I’m a blini on a lamp-post on the corner of the plate, in case a certain little salmon comes by…
This post contains affiliate links, which means that at no extra cost to you we can make a tiny bit of money to help support this blog. Thank you!
Oh me, oh my!
Made popular by George Formby in the 1937 film Feather Your Nest, Leaning On A Lamp-Post soon became one of his best-remembered records. The song was covered in 1966 by Herman’s Hermits, reaching No. 9 in the US Hot 100. It wasn’t until the mid 1980s that Leaning On A Lamp-post became a bona fide show tune when it was included in Stephen Fry’s rewrite of Me And My Girl, a musical that was first performed in 1937 – so at least the show and the song are from the same era!
Cockney Bill Snibbons is (spoiler!) discovered to be the long-lost heir to the aristocratic Hareford family and undergoes a My Fair Lady style training programme to satisfy the terms of his inheritance, which include giving up his “unsuitable” cockney girlfriend, Sally, forcing Bill to choose between love and lifestyle. The 1984 revival was a big hit, starring Robert Lindsay and current teapot Emma Thompson. Lindsay transferred with the show to Broadway in 1986 adding a best actor Tony to his earlier Olivier.
Although the lyrics are perfectly innocent, coming from the music-hall era, by today’s standards, some of them are surprisingly creepy, perhaps more suited to American Psycho:
I’m leaning on a lamp-post at the corner of the street,
In case a certain little lady comes by.
Oh me, oh my, I hope the little lady comes by.
I don’t know if she’ll get away, She doesn’t always get away,
But anyhow I know that she’ll try…
Perhaps the mystery of Jack The Ripper has finally been solved! (Did you know that there actually is a Jack The Ripper musical?!)
At the end of Act I, the Harefords throw a grand party for Bill with the key plot point being how neatly he can eat a smoked salmon blini. Blinis are a Russian savoury buckwheat pancake that use yeast as the raising agent, and are traditionally served with smoked salmon. They are now a favourite canapé the world over.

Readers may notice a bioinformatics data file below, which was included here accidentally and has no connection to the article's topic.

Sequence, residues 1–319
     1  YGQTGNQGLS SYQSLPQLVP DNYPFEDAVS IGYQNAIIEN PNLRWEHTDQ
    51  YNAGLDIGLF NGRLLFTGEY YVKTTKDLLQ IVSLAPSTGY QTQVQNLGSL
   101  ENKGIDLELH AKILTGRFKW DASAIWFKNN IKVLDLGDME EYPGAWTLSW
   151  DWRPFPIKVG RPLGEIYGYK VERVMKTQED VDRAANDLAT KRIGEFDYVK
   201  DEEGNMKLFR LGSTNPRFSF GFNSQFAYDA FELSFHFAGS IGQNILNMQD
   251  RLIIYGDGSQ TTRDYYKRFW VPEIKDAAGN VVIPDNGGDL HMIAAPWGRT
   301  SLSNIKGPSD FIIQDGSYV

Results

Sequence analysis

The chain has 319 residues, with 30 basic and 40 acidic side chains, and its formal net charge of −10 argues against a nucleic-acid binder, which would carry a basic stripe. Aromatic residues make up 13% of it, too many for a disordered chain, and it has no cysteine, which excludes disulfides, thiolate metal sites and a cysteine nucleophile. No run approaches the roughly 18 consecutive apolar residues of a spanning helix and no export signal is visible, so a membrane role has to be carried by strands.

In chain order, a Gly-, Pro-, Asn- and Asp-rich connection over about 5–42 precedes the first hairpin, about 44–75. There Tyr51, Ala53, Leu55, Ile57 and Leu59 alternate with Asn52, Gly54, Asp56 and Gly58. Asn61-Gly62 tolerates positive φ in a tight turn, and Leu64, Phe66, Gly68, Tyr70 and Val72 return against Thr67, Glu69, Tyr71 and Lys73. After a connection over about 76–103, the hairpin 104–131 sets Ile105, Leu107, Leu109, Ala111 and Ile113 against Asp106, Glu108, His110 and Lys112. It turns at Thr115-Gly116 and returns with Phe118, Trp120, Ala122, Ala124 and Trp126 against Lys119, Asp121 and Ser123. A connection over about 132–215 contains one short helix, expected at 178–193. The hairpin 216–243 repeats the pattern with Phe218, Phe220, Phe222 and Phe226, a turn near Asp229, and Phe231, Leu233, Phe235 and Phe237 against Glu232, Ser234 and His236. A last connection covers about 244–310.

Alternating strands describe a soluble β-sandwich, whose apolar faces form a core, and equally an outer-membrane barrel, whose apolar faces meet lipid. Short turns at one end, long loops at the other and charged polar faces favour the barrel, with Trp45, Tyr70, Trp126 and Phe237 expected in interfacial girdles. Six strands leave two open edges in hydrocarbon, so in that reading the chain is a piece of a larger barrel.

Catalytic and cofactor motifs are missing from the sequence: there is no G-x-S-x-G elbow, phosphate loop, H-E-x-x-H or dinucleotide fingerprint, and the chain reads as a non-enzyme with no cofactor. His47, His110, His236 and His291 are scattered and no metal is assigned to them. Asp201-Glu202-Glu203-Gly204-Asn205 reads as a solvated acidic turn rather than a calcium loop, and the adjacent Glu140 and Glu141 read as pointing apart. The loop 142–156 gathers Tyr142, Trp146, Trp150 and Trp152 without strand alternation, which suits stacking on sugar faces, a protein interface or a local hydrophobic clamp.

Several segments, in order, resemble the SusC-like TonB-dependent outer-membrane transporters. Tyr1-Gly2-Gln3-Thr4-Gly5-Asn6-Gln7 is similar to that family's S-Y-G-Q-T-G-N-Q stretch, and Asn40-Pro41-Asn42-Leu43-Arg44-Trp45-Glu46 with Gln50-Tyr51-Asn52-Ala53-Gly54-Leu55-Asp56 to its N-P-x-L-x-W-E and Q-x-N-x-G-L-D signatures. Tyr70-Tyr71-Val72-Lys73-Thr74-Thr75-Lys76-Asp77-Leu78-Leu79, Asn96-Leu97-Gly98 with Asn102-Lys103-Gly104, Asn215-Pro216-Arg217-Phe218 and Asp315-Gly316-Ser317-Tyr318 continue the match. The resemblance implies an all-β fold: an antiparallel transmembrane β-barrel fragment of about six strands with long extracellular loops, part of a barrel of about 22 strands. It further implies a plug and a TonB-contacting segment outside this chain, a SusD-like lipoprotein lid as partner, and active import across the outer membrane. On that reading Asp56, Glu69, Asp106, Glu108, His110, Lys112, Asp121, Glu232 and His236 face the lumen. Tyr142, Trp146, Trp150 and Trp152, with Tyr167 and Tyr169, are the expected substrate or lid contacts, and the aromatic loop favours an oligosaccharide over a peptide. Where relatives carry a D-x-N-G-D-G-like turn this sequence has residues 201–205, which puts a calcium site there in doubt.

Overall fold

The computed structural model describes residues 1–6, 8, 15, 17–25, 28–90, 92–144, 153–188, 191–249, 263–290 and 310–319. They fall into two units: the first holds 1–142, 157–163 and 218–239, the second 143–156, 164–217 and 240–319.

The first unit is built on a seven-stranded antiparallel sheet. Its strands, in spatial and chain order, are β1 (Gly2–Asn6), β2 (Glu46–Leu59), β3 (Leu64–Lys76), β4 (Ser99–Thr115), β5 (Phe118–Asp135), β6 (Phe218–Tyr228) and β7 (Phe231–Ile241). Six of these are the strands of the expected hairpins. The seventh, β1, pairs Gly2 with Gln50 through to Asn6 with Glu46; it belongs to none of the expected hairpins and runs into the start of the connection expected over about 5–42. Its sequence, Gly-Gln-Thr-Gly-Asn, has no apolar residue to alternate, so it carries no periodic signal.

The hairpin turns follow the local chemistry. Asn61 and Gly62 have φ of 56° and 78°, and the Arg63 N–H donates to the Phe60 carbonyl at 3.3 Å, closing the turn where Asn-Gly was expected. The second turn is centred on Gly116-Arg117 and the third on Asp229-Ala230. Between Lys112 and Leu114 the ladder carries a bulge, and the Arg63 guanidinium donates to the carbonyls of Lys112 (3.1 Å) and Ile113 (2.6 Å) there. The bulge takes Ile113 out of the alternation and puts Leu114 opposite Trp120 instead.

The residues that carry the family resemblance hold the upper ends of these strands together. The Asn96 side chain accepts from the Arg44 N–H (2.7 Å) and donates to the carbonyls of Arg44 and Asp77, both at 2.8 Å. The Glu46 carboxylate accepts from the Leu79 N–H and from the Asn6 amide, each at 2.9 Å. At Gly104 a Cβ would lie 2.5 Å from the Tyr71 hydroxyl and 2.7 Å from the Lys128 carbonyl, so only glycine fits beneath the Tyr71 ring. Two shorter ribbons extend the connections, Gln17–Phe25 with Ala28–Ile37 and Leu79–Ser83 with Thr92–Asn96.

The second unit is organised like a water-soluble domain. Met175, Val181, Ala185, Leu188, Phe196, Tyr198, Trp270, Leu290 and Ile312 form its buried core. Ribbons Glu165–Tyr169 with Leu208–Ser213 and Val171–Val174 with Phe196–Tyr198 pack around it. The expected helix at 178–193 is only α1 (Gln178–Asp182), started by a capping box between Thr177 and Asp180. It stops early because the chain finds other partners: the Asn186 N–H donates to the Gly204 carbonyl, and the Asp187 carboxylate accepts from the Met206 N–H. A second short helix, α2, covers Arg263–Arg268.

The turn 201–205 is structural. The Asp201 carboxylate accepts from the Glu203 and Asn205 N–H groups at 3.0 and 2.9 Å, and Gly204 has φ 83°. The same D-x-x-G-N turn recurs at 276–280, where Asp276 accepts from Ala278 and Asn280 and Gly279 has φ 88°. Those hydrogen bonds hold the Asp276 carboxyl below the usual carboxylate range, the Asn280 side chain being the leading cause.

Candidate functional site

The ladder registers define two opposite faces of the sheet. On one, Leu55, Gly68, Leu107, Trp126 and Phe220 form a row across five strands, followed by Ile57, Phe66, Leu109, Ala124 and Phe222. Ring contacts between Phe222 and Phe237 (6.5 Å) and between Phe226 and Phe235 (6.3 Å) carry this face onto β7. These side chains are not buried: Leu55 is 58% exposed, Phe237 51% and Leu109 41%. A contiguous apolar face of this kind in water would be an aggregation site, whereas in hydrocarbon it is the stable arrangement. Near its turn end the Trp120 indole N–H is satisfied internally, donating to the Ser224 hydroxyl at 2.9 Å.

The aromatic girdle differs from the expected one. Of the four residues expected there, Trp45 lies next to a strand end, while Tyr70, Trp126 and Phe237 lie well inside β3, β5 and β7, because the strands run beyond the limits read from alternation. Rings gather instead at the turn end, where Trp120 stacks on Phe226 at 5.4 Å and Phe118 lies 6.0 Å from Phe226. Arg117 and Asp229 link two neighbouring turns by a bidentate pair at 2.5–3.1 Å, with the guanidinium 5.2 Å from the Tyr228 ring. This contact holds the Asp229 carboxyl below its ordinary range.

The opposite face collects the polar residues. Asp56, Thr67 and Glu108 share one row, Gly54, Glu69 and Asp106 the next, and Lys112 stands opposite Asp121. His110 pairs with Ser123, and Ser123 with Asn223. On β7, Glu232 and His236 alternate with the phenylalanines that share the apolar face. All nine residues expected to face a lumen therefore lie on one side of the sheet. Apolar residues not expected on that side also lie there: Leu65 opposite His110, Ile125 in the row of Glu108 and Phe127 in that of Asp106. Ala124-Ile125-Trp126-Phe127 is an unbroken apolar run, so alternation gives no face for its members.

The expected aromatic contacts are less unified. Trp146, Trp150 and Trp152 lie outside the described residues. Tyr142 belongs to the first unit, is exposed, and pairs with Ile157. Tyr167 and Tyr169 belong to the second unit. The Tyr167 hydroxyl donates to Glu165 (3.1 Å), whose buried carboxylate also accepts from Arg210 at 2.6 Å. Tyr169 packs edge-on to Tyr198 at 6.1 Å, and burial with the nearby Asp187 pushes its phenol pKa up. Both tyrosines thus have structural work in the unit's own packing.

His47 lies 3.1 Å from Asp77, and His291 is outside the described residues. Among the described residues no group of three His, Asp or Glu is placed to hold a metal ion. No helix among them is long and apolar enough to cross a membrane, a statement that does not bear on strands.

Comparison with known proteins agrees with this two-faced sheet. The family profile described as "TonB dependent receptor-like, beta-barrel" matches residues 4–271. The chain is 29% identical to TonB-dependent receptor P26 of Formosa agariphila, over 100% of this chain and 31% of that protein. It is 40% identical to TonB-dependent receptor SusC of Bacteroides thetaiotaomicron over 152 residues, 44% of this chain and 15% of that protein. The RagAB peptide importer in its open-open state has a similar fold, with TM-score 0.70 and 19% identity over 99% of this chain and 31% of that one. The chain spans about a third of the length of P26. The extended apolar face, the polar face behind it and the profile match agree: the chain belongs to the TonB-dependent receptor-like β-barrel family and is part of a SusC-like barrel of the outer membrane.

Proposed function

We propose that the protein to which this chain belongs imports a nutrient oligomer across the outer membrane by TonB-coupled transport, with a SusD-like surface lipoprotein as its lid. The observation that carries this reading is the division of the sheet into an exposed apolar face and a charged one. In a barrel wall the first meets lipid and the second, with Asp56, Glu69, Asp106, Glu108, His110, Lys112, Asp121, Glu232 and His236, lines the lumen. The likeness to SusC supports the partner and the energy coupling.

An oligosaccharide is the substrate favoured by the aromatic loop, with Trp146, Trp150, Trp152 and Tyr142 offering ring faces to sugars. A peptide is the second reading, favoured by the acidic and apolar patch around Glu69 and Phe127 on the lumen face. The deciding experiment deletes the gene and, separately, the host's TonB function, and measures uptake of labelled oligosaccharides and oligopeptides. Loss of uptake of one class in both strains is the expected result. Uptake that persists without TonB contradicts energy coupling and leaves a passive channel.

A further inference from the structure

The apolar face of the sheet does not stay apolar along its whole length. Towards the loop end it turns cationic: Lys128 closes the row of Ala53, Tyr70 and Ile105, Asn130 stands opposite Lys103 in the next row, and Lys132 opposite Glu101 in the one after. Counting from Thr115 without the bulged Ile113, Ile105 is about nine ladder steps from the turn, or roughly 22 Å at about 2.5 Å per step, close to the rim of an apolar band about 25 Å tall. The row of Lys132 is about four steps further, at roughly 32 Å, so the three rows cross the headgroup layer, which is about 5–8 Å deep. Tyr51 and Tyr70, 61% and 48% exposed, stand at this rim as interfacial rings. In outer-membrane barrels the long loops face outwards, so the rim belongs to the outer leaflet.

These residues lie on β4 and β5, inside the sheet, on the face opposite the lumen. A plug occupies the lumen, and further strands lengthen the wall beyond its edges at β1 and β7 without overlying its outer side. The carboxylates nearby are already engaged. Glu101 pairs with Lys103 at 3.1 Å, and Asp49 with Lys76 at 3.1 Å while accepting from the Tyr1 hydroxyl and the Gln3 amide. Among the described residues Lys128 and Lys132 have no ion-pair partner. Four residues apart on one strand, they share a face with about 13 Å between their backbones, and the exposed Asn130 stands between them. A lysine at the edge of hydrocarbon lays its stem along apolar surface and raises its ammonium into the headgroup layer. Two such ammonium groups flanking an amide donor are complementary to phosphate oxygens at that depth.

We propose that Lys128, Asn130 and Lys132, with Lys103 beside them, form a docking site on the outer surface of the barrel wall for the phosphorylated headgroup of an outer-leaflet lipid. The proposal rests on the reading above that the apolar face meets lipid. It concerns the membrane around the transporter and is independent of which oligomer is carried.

I didn’t have any buckwheat flour but had some rye flour which worked very well. I mixed this with strong white flour, which will give a better rise due to the higher gluten content, but just use plain (all-purpose) flour if that’s what you have. In fact, you will easily find “easy quick” recipes that use plain flour and bicarb. I included some of my starter dough (see Anything You Can Dough, I Can Ciabatta) more for the added flavour than anything else (the amount used won’t affect the rise).
Mix the dry ingredients. Warm the milk so that it’s hand-hot and whisk in the egg yolks. Whisk this into the dry ingredients and leave it to rest in a warm place for at least an hour (I left mine for two and a half). You won’t get a dramatic rise as you do with bread (it’s only a little yeast). Stir through the melted butter (let it cool a little) and then fold through the egg whites that should be whisked to soft peaks.
Heat a non-stick pan and cook the blini (whatever size you choose!) in batches – they only take a few seconds on each side. Serve, whilst leaning on a lamp-post, with smoked salmon, creme fraiche (or sour cream), lemon juice and black pepper.
- 70g dark rye flour
- 70g strong white bread flour
- 250ml milk
- 2g quick yeast
- 1 tsp salt
- 2 eggs, separated
- 20g butter, melted
- 20g sourdough starter (optional)
- Mix the dry ingredients. Warm the milk so that it's hand-hot and whisk in the egg yolks.
- Whisk this into the dry ingredients and leave it to rest in a warm place for at least an hour.
- Stir through the melted butter (let it cool a little) and then fold through the egg whites that should be whisked to soft peaks.
- Heat a non-stick pan and cook the blinis in batches - they only take a few seconds on each side. Serve, whilst leaning on a lamp-post, with smoked salmon, creme fraiche (or sour cream), lemon juice and black pepper.